Some things just need to be said, and few know this better than comedian Jerry Seinfeld.
In a recent interview with Jenna Bush Hager, Seinfeld spoke up about the importance of speaking up in an era of rising antisemitism.
“We’re so quick to inflame,” Seinfeld, 68, told Jenna. “Both sides of any debate. Women, gender — everything, right? This is the culture we live in, flash paper. Instant violent verbiage, right?”
In April, the Anti-Defamation League reported antisemitism across the country reached an all-time high in 2021.
Still, at a time when speaking up for beliefs can be unnerving, the comedian said it’s important to voice our concerns.
Jenna noted how the comedian’s wife, cookbook author and philanthropist Jessica Seinfeld, recently shared a simple way of supporting marginalized groups.
Last month, Jessica Seinfeld voiced her support for the Jewish community on Instagram after a banner with the message “Kanye (West) is right about the Jews” was hung over a Los Angeles freeway. The rapper had made a string of antisemitic comments in the weeks before and was kicked off Twitter.
“I support my Jewish friends and the Jewish people,” Jessica Seinfeld’s post said. In the caption, she wrote, “If you don’t know what to say, you can just say this in your feed.”
“She found a simple, and I thought, nonaggressive way to say something that, that, unfortunately, needs to be said, but does need to be said,” Seinfeld told Jenna during their interview. “And I thought that was very special and fantastic thing she did.”
The comedian and TV icon also supported his wife’s post on Instagram at the time, writing, “This is no time to be silent about antisemitism.”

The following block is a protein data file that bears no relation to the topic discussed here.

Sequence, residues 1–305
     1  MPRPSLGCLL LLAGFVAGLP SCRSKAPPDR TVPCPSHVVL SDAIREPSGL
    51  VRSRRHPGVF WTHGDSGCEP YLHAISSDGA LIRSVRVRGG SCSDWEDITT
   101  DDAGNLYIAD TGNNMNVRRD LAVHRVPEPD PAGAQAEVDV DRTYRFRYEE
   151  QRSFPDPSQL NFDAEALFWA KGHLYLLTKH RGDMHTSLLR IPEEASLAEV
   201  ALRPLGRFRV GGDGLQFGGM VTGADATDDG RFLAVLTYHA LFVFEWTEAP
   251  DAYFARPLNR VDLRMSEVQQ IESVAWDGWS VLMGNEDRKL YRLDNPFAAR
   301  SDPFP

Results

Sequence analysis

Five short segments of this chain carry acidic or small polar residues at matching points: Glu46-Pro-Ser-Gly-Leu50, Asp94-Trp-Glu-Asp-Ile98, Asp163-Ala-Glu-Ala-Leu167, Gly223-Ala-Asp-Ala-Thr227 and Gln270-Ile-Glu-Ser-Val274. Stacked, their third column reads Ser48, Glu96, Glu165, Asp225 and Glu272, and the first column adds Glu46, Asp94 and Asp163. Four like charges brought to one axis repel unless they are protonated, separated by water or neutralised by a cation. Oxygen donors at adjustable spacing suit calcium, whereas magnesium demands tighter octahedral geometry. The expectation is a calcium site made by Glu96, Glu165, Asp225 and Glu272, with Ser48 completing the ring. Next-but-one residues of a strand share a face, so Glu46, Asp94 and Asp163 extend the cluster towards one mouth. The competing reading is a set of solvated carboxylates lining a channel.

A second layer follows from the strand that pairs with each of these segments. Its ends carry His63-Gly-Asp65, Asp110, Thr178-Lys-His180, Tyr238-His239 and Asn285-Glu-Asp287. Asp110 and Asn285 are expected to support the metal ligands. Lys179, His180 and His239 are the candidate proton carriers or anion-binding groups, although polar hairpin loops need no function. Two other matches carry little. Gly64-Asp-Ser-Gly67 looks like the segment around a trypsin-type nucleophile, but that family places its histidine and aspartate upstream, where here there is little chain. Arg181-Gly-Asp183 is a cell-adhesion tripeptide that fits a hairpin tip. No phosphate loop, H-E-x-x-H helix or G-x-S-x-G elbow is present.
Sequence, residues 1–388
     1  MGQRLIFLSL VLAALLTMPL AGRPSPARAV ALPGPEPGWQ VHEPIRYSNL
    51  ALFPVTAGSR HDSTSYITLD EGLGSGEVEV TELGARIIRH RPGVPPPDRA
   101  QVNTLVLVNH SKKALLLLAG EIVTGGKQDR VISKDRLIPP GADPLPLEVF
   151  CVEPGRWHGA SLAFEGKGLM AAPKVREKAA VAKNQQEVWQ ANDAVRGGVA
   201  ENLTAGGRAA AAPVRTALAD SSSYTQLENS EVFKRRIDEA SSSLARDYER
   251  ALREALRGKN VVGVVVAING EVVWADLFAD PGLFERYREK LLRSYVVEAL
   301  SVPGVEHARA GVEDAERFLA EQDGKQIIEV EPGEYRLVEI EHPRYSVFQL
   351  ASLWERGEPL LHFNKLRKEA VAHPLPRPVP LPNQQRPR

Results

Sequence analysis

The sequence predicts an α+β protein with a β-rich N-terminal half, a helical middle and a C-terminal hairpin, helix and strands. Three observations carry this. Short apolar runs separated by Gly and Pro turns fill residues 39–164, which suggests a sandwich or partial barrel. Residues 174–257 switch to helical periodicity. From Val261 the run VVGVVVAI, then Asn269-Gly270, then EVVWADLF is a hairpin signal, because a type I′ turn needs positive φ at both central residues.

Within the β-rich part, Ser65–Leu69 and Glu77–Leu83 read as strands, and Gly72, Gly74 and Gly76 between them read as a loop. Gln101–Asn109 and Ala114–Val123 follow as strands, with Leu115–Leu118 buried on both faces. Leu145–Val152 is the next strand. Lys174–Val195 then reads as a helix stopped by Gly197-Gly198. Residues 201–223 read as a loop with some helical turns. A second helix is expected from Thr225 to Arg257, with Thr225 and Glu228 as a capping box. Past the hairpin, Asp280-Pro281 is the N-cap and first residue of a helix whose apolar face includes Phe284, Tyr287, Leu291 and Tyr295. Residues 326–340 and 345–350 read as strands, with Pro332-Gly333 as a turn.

“So proud of my wife for finding a perfect way for people to say what, unfortunately must be said,” the “Bee Movie” star wrote on Oct. 24.
In a Nov. 16 interview with The Hollywood Reporter, Seinfeld touched on the use of comedy as a tool to address antisemitism and recent criticism aimed at fellow comedian Dave Chappelle.
Earlier this month, Chappelle drew criticism for his comments during his “Saturday Night Live” opening monologue, in which he addressed the antisemitic rhetoric perpetuated by West. Chappelle called West’s words “not a crazy thing to think. But it’s a crazy thing to say out loud in a climate like this.”
In response, Seinfeld told the publication that he thought the comedy was “well-executed” but noted that “the subject matter calls for a conversation.”
Seinfeld’s new book, “The Comedians in Cars Getting Coffee Book” celebrates the 10th anniversary of his talk show, “Comedians in Cars Getting Coffee,” and takes readers behind the scenes of the most memorable episodes. The book is due out on Nov. 22.
This article was originally published on TODAY.com